I made the decals using Bel Decal paper. They add a nice finishing touch to the rocket, but if you take the time to do the Admiralty scheme, it's perfectly capable of standing on its own. It's one of the more well thought out paint schemes I've ever worked with. Challenging, but easily worth it.

In the end, I can't say that leaving the pod tubes black did anything for me from an aesthetic standpoint. While it made things easier in the masking step, the pods blend in too much with the rest of the lower section. Painting them black also negates the ability to use any decals in the detailing. When I decide to re-do this rocket, which I plan to do this winter, it will be reborn with white pods and rounded pod cones despite the extra work.

Construction Rating: 4 out of 5

On PadFlight:
Once again, I built a Taurus only to have it last exactly three flights due to an engine problem. The Taurus that I previously built with Moldin' Oldies parts had it's flying days ended when a hot Estes ejection charge blew the motor hook out the back end of the rocket. (I considered that my fault for using a 24mm engine.) This one had a completely different end from a style point of view, but it was toast after the third flight just like the other one.

All three flights of this rocket were B6-4 flights and none of them flew like the B6-4 we've all grown to know and like. The first flight was on a blistering hot day at a Quark section launch, and was one of only two flights I managed due to the heat that day. The flight was arrow straight, but the 4 second ejection was more like a two second ejection, noticed by not only myself, but several others on the flight line. The thing that may have prevented a zipper was the six feet of Kevlar® and sewing elastic that I've been overbuilding into my rockets of late due to the hammer-like Estes ejection charges and the Estes dents associated with them.

Flight #2 was on another B6-4 that ejected early. I've only bought my B6-4's of late in the Blast-Off packs, but even that doesn't explain things because some are early while others seem to have the ejection charge timed correctly. They also seem to have double the necessary force to fire the chute. Once again, no damage on this flight, but how long can I live lucky? Apparently not long.

Damage Flight #3 was nothing special; minimal dog barf wadding and a small, tightly wound Semroc chute. The flight itself was impressive because for once the Taurus got to the altitude that I expected with the B6-4 without getting gigged like a dog that's reached the end of its leash. I noticed that the ejection charge was loud, but that's unfortunately what I've started to expect. I noticed that there seemed to be more than just the rocket floating down, but wrote it off as just the wadding until one of the recovery crew yelled that the rocket was broken. Expecting a fin or a pod to have been broken off due to the overenthusiastic recovery crew, I was shocked to find that 2/3 of the lower transition was just gone, leaving a gaping hole in the side of the rocket. I had the kids scour the field, and both pieces turned up, but fixing it was out of the question. What remained of the balsa was shredded.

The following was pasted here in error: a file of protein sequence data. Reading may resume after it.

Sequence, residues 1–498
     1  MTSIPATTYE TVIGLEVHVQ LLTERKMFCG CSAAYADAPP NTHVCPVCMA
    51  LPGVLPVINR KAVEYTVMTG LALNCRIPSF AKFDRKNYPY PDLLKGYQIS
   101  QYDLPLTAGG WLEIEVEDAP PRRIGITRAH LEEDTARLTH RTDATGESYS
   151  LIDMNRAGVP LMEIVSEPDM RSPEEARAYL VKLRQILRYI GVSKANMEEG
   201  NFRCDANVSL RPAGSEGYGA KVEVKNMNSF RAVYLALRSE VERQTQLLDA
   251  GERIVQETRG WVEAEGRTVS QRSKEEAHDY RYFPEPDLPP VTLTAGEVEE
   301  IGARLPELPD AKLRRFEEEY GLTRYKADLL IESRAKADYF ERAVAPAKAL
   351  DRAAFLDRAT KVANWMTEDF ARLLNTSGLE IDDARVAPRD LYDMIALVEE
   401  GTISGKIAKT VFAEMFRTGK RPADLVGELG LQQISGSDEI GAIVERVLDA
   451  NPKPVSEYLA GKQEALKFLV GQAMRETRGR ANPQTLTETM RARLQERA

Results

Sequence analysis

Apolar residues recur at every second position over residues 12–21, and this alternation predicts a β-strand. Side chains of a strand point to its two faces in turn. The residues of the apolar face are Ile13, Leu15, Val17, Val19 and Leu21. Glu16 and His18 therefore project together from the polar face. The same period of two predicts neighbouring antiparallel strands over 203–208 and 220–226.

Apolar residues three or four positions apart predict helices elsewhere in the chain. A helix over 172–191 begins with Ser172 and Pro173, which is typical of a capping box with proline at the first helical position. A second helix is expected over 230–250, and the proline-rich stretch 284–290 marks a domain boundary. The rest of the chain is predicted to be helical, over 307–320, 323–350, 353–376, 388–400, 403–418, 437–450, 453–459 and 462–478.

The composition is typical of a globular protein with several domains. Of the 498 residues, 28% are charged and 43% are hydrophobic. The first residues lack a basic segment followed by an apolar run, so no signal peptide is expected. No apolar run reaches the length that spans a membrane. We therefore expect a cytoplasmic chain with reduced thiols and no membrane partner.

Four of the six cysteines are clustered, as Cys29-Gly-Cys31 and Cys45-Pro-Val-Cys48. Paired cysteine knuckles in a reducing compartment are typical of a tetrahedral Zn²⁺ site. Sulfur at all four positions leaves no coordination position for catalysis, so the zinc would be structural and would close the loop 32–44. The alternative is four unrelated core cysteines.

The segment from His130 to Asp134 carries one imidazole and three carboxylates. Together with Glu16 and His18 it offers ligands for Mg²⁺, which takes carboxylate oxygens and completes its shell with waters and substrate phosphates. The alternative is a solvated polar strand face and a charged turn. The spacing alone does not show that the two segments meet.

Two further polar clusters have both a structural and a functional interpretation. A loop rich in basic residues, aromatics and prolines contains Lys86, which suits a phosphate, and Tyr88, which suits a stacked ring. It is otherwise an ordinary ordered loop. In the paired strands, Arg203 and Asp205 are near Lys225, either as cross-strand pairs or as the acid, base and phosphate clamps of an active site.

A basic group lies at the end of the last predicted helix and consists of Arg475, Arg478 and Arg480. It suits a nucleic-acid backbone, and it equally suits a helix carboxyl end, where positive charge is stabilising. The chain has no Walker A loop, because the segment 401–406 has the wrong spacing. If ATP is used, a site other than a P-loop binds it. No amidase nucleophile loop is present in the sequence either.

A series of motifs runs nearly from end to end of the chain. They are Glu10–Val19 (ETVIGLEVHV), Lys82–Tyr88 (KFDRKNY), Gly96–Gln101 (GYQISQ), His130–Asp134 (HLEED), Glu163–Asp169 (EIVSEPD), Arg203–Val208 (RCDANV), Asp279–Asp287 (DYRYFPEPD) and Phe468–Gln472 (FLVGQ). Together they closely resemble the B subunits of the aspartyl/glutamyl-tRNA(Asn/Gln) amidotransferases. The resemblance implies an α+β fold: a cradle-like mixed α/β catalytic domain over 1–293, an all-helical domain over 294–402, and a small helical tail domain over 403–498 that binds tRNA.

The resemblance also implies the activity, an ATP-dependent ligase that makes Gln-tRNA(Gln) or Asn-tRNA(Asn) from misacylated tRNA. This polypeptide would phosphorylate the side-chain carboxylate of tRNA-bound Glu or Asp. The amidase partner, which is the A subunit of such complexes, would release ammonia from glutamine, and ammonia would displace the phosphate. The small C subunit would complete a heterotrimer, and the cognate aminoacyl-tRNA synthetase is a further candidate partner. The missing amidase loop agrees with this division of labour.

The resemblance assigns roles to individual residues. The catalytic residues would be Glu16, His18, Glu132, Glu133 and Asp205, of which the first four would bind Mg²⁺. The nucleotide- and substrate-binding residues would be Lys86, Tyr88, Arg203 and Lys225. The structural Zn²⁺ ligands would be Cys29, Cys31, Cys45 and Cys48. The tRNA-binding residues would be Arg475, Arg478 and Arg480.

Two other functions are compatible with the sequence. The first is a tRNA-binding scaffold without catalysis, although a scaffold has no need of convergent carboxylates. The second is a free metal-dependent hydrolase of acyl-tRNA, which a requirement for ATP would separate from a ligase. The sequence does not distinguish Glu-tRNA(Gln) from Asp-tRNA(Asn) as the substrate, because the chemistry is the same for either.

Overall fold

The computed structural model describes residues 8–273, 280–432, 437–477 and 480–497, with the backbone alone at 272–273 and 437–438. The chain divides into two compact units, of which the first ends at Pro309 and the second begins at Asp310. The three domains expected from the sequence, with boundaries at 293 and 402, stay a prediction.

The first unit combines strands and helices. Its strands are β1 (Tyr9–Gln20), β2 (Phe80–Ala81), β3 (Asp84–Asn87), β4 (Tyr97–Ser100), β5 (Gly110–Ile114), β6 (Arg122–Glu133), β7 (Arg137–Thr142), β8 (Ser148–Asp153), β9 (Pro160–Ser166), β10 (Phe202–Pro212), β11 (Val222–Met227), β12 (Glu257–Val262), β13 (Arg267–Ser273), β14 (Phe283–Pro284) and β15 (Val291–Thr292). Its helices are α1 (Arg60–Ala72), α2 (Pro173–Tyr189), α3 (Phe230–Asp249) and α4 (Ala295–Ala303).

Flight Rating: 4 out of 5

Summary:
I'm getting more than a little tired of this. I've been sticking mostly to flying modrocs because of I want to keep this hobby from becoming a black hole for household funds, but if this keeps up it won't make sense for me to keep buying rockets only to have the Estes ejection charges destroy them after a handful of flights. I hate to turn a review of a very nice rocket into a rant against the current state of Estes motors, but this is getting old.

Pro's: Excellence and selection of the Semroc parts. Laser cut fins. Ease with which you can recreate a classic for very little $.

Con's: Semroc doesn't sell motors yet.

Overall Rating: 4 out of 5

Other Reviews
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    Brief: While most Semroc Retro-Repros offer slightly modernized versions of Centuri classic designs, Semroc goes "old school" on Centuri, replacing the "innovative" plastic cones and transitions of the 1972 KB-3 Taurus with good old-fashioned balsa parts. This is a futuristic design very nicely done. Construction: Given that the previous reviewer made his ...